Adrenal insufficiency is a condition of autoimmune origin and causes Addison’s disease if the body's immune system attacks its adrenal glands. This causes severe damage to the adrenal cortex. The condition further leads to the crisis of the steroid hormones such as aldosterone and cortisol due to adrenal cortex damage.

4.

What Is the Life Expectancy of a Person Suffering With Adrenal Insufficiency?

 
Adrenal failure is the cause of sudden death and infection in the general population. The mean ages at death have been calculated to be 3.2 and 11.2 years less than the expected average life expectancy. The age of females is 75 years, and for males, 64 years is the estimated mean age at death.

5.

How Is Adrenal Insufficiency Treated?

 
Adrenal insufficiency is treated with corticosteroids, the only treatment option for this condition. Hydrocortisone and Prednisone mainly treat secondary adrenal insufficiency caused by panhypopituitarism. These drugs are only recommended by the doctor depending on the deficient hormone in the body.

6.

How Does Adrenal Insufficiency Make a Person Feel?

A person suffering from adrenal insufficiency feels weak, tired, dizzy, dehydrated, and has muscle ache. In addition, nausea and vomiting, loss of appetite, weight loss, and diarrhea are also symptoms caused by adrenal insufficiency in a person. Moreover, a person also has low blood sugar levels, blood pressure, and irregular or no menstruation.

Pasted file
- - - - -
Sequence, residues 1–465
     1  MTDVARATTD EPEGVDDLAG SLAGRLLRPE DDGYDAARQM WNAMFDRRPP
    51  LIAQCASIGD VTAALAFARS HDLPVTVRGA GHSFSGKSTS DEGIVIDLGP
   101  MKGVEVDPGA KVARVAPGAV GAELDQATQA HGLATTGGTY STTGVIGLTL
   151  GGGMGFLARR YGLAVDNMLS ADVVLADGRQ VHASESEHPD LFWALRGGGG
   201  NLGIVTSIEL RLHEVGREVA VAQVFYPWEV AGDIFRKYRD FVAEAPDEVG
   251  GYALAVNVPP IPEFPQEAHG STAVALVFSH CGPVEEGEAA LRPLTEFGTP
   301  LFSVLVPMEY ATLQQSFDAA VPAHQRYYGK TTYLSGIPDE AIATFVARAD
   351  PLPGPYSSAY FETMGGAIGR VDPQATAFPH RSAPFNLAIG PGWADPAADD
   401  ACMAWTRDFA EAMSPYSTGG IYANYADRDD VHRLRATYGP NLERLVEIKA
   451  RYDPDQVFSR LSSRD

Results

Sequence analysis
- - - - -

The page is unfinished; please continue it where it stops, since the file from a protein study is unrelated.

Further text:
7.

How Can We Diagnose Secondary Adrenal Insufficiency?

Diagnosis of secondary adrenal insufficiency includes the following tests:
- Serum Adrenocorticotropic Hormone -  The blood test shows a decrease in the level of ACTH (adrenocorticotropic hormone) in the person’s blood, indicating adrenal insufficiency.
- Serum Cortisol Level - The blood test indicates a decrease in the cortisol levels in the body caused due to secondary adrenal insufficiency.
- Imaging Tests - These include MRI (magnetic resonance imaging), and CT (computed tomography) scans that diagnose the presence and size of any irregularity in the pituitary gland.
- Prolonged ACTH Stimulation Test - This test is mainly used to diagnose secondary and tertiary forms of adrenal insufficiency. The procedure is carried out by giving an intramuscular injection of Cosyntropin, and then cortisol levels are monitored at regular intervals.